All of this sounds like it could be the start of a chilling story told within the confines of the apartment. Instead, the whole experience feels cold and distant in all the wrong ways. Dialogue can often feel clunky, stilted in a way as it skews towards exposition without any greater substance to it. While we are told that Mavis and Monique are meant to be quite close, we don’t really get that feeling. There is the throwaway line about when the tables were turned in the past, though that is the extent of their relationship getting developed. There is no texture to their interactions as it goes through the motions without any greater sense of emotion or connection. Instead, the film feels very driven by the plot. The most egregious example is when the duo decides to have a conversation over Zoom with a demonologist. The discussion they have ends up feeling circular, often seeming as though the actors recorded their sides of the conversation separately. This makes it so the scene has no natural flow or pacing, though this could also stem from the dialogue itself being rather forced. When a character asks for clarification on something only to get corrected and then told something that says the same thing they just did, it robs it of any tension. It is one scene of many that provides us with just enough details to drive the story forward though left no real impact of note on the characters.
This is all rather unfortunate as there are some rather striking scenes that are genuinely well-constructed. Nightmares are great cinematic fuel for playing around with haunting imagery and there were moments in The Harbinger that really catch your attention. One noteworthy one comes in the confines of a truck and a silent figure whose design will leave your skin crawling. Even as you can tell that they are working within the confines of a budget, it still leaves an impact. It just is inescapable that this impact is dulled by the haphazard construction of the rest of the film. Scenes are often staged awkwardly and cut too early, ripping us away from potentially emotional moments to just keep plodding onward. One particularly jarring moment comes as Monique is talking with her family who we had been seeing less and less of. Just when it seems like we are potentially getting somewhere deeper with their relationship, the conversation is cut abruptly short to a disconnected shot elsewhere. When accompanied by a dropping in of a generic score that doesn’t gracefully rise so much as it just clumsily falls into place, it takes you out of what should be a key character moment that instead just falls away.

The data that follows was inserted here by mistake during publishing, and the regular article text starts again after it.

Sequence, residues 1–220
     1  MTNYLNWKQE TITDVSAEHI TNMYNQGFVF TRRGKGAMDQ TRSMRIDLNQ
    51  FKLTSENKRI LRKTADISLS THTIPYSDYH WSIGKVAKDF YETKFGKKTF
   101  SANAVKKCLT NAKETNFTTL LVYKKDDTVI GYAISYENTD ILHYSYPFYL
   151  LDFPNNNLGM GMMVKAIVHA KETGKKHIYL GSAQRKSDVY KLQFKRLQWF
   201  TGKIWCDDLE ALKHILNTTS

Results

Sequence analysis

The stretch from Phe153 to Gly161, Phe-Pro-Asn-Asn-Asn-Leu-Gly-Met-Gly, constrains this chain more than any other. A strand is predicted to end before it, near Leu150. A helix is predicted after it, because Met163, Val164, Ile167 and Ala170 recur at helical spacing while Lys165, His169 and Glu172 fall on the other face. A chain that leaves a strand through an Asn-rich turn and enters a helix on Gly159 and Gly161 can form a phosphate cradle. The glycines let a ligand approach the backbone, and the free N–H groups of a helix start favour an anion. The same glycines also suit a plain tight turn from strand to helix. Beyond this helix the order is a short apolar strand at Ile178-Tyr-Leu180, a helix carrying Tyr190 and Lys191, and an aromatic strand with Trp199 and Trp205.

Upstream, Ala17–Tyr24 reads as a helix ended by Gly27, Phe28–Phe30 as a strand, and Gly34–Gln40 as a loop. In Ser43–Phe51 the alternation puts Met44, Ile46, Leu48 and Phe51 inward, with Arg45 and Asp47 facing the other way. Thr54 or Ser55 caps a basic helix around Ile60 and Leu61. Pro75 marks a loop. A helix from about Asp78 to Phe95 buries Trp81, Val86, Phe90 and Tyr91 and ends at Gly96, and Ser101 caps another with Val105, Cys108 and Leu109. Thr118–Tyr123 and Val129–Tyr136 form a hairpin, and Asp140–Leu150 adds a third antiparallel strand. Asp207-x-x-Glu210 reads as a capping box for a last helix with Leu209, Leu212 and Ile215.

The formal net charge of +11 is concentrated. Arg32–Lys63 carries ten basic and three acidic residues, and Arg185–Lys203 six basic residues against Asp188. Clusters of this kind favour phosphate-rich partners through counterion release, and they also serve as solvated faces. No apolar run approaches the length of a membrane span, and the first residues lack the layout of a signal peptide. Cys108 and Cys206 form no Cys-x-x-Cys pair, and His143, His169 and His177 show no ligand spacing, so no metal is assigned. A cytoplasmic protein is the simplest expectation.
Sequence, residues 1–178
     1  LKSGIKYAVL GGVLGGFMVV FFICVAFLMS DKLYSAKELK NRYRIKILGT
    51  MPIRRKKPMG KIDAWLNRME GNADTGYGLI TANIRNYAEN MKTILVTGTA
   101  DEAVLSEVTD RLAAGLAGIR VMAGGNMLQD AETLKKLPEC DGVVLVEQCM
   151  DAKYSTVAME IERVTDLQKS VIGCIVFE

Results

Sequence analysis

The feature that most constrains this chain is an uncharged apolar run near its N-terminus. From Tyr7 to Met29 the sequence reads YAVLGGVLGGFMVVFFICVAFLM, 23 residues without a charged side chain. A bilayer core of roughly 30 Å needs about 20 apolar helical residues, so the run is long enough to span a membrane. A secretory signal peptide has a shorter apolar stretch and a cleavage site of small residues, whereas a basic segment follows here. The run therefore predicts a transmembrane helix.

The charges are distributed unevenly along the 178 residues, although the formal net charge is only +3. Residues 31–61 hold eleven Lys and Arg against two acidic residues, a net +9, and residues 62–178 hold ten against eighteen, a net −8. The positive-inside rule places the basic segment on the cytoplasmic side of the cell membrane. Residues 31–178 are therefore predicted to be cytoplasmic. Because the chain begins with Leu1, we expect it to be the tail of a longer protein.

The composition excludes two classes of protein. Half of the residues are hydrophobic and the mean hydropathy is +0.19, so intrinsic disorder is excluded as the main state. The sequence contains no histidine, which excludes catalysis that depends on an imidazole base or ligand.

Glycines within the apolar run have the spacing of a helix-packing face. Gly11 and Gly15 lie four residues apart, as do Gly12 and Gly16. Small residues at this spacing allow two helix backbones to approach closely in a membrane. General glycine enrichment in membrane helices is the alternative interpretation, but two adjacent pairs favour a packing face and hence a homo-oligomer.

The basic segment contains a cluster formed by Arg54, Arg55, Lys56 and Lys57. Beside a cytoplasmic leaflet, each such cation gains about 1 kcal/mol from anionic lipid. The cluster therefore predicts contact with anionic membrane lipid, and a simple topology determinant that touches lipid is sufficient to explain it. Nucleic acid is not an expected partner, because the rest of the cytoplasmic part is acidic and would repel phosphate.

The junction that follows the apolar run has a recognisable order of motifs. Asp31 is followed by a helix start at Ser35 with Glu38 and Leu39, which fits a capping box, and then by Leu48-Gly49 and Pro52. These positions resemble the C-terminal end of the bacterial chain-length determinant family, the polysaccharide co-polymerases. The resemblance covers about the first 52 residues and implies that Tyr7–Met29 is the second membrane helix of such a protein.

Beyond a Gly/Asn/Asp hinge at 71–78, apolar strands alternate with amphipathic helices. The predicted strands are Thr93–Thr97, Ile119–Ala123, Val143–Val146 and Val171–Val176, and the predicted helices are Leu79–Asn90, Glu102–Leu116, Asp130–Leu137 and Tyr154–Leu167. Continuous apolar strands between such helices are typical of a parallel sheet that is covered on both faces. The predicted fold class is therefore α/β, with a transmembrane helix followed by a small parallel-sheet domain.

There is a good film in The Harbinger that we catch glimpses of in moments of horror and the conversations we do get to see play out. It just is struggling to break through the uncertain confines of the story it is trapped in. Horror as metaphor like this is completely fair game, though the film remains uncertain of how to fully convey the emotion of each situation. The pandemic was and still is a nightmare, full of constant terror that we could be wiped from existence forever. A film grappling with this mortal threat through allegory should feel more devastating as it looks into the abyss. This one just never seems to know what to find there. Is it about a family trying to deal with an existential threat? A friendship built around shared support against terror? A reckoning with grief and loss? There are flashes of the film trying to be each of these things, though it never discovers anything particularly insightful or engaging to say about any of them. This isn’t to say a film needs to say anything, but to invoke the pandemic in your art should feel more emotionally meaningful than it does here. While observing the rituals of Monique’s family trying to keep it together while living in an uncertain time is initially tragic in its simplicity, they fade so far into the background that it loses sight of any greater connection to them. Even an ending conversation, overflowing with a grim pessimism, lands with an empty thud when there is nothing else holding up.